But that wasn’t all I saw. Behind all that, there was strength, purpose, and acceptance of who and what she was, but none of that replaced the pain imposed upon her by others. I knew that sort of pain all to well, having experienced much the same throughout my life. My heart began to pound in my chest for a very different reason then it did in the beginning. I slowly got to my feet, heeding Modi’s advice, and kept my gaze soft and as loving as I could. By now she had returned to her set, hiding that side of her from me completely.
I made a decision then, in that moment, to abandon the how’s and why’s of approaching the Gods and instead came forward as true to myself as I possibly could. Speaking to the pain in her eyes, wishing to banish it and replace it with care, I looked at her and softly said “You are so beautiful.”
The pain and mockery in her laugh cut me like a knife. It reached into me and pulled my own pain that mirrored hers to the forefront and I crossed my arms over my torso, trying not to throw up. My heart pulled in my chest as I heard her voice, full of distain and anger.
“What do you want?” She demanded; anger so forceful that it nearly brought me to my knees.
“Nothing.” My words were quiet and difficult to say as though I had sludge in my throat. Grief so raw and painful coursed through my veins and tears streamed from my eyes. I could feel the love and kindness behind the veil of pain she put forward and wanted to curse those that had hurt her so badly. “I just wanted to say thank you for watching over my family. I thought I had come here empty handed, but I actually do have something for you.” The idea struck me as I spoke, and I almost laughed out loud at the absurdity of the thought, but before I could reason with myself, I felt my body moving forward all on its own.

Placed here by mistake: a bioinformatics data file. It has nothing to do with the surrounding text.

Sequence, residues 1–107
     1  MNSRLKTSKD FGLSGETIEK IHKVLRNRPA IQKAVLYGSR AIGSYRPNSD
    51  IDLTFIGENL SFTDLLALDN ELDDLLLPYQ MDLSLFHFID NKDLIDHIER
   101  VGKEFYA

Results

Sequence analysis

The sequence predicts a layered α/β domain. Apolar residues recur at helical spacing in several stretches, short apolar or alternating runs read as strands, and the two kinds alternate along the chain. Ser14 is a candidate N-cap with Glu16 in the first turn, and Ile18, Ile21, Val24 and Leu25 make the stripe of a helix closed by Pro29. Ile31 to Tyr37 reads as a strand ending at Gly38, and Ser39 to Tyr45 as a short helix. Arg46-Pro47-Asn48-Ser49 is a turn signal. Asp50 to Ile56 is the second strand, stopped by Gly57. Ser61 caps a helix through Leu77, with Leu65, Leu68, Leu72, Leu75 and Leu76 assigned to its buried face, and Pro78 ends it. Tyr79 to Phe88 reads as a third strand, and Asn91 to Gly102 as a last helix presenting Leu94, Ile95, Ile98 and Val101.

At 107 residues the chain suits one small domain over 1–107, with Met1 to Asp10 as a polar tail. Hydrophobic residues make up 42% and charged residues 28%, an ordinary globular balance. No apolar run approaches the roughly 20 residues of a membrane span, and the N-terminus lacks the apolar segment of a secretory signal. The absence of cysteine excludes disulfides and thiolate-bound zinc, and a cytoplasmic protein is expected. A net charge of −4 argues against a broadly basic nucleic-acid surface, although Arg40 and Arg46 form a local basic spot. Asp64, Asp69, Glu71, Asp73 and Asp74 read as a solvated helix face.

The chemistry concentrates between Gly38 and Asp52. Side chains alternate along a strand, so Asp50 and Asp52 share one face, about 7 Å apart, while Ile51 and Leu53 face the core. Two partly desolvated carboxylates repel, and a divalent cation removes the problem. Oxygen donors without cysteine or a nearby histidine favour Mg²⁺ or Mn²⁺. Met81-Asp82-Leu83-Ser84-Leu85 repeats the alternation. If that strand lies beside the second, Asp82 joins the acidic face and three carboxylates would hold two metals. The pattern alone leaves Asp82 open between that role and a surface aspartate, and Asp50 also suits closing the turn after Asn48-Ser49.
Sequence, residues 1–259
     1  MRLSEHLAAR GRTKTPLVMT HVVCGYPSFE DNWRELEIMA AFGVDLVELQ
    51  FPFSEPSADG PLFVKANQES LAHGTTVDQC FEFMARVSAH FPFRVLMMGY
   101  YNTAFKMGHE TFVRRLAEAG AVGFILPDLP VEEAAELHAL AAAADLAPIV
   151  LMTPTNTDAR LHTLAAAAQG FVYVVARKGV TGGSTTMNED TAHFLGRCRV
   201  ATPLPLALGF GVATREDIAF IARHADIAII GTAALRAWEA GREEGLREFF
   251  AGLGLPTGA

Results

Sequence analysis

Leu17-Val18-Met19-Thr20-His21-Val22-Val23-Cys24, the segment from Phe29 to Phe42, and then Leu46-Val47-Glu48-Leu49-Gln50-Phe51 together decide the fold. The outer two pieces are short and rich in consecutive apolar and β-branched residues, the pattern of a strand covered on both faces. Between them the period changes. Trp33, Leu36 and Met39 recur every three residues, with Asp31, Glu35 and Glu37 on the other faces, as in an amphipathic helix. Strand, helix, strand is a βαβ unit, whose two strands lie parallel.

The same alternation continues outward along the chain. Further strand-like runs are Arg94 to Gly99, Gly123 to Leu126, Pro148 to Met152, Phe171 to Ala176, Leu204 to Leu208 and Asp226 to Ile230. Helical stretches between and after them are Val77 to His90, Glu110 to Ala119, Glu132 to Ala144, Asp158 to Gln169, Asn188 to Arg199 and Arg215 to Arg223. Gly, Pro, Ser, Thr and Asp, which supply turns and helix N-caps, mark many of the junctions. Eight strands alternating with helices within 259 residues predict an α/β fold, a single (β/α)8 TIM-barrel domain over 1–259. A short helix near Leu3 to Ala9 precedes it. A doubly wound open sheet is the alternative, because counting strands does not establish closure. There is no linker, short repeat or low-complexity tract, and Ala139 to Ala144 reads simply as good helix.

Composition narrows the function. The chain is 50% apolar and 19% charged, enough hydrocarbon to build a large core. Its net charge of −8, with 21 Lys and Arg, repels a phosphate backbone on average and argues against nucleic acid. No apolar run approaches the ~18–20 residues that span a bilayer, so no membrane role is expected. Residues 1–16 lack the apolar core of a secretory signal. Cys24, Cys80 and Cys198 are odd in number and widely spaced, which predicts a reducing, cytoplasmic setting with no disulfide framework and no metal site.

I finally looked up at her when I had reached the top of the platform and saw the surprise on her face. The one blue eye narrowed at me, and she seemed to be making a decision quickly in her mind. I knew that I was done for, but that didn’t matter anymore. If the last thing I did on this earth was show someone kindness, then I had lived a good life and I was resolved to accept my fate. Carefully, and slowly, I reached out my hand and gently stroked her cheek with my fingertips.
Her skin was cold to the touch and her hair was softer than I had imagined. The muscles beneath her face pulled back in surprise as her eye widened and brought forth a look of such innocence and openness, I had to wonder if anyone had ever touched her in kindness before.
I caught her eye and let the love I felt for her flow into my words as I spoke them.